"Some will say, see, miracles don't happen."
"But do you want the truth? Matthew is a living miracle. See, Matthews coming into the world was far from normal. The minute his mommy took her last breath Matthew was thrust from the most peaceful world one could ever know into a chaotic frenzy to save his mother and him," he explained.
"Without an ounce of oxygen he made it in an ambulance, to an emergency room, through an emergency c-section and into a NICU. Matthew then defied all odds and opened his eyes, breathed on his own, pumped blood through his strong heart, moved his limbs without rigidity and even made coo noises.
"His body slowly began to function, and he even gripped my finger when from what we were told, that should have been impossible."
"Often times we consider things miracles when the miracle looks how we want it to look. What I've learned is that miracles are miracles whether we choose to see them or not. My miracle was having my soul mate by my side for almost 20 years and then being so blessed to give her 4 gorgeous babies," Accurso wrote.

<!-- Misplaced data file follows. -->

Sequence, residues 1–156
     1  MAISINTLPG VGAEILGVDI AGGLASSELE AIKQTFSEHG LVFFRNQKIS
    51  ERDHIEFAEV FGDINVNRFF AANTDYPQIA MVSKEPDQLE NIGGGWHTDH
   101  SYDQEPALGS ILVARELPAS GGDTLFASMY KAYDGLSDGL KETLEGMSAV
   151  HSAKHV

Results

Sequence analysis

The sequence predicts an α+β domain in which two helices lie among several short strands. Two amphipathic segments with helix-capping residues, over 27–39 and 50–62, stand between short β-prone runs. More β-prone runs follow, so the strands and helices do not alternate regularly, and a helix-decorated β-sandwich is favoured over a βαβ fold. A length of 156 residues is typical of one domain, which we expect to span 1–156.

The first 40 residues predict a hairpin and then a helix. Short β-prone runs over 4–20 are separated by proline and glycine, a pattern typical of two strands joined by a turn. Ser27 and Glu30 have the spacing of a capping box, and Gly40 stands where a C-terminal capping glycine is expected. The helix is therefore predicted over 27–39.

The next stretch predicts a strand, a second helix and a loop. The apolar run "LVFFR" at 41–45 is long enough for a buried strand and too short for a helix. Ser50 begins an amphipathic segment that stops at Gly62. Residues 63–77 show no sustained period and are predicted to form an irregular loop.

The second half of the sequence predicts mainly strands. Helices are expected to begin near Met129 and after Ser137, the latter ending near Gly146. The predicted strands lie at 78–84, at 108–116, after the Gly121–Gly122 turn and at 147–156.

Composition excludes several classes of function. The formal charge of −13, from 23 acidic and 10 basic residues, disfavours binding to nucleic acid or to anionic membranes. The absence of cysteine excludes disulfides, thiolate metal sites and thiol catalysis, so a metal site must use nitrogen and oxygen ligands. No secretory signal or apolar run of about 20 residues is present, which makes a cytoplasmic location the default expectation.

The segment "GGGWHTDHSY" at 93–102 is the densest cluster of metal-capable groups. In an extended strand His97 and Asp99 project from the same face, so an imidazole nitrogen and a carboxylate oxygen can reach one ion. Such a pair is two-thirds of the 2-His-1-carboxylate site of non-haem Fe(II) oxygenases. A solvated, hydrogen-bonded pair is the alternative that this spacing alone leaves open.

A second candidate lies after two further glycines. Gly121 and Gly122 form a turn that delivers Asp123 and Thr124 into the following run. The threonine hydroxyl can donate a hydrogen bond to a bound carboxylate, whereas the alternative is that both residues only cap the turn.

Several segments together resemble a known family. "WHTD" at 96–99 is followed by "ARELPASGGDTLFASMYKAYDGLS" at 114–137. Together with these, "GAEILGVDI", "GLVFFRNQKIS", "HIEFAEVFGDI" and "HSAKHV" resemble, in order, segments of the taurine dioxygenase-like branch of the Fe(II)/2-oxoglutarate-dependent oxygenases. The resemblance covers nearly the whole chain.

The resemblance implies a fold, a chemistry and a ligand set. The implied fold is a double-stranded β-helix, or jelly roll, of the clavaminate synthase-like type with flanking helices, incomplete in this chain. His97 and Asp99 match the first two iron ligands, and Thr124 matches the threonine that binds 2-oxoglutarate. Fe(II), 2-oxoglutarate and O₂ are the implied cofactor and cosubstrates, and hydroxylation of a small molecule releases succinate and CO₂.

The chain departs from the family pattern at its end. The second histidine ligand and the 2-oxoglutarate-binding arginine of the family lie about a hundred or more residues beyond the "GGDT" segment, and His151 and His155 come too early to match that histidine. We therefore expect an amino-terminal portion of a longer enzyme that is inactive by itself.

"My miracle is holding my son for as many precious moments as possible and when the time comes, lifting him up to his mommy so that she can hold him for the first time in paradise."
On May 17, McCloghry posted an update to let everyone know that baby Matthew passed away. He was held in his father's arms until his final moment, surrounded by close friends and family.
A GoFundMe campaign has been set up to help see the Accurso family through this sorrowful
Koolulam | Free The Music | AIPAC & The Tower of David in a Duet | March 24th, 2019
On March 24th, at the general session of the AIPAC Annual Conference in Washington D.C., Koolulam brought 18,000 people together to sing an original song for the first time in Koolulam history. Together with a simultaneous broadcast of 1,000 Israelis singing the same song at the Old City of Jerusalem, the United States and Israel sent a message - the two countries are connected for good. Koolulam is a social-musical initiative, meant to bring together people from any and all walks of life. Our Idea is to simply stop everything for a few hours and just sing - together.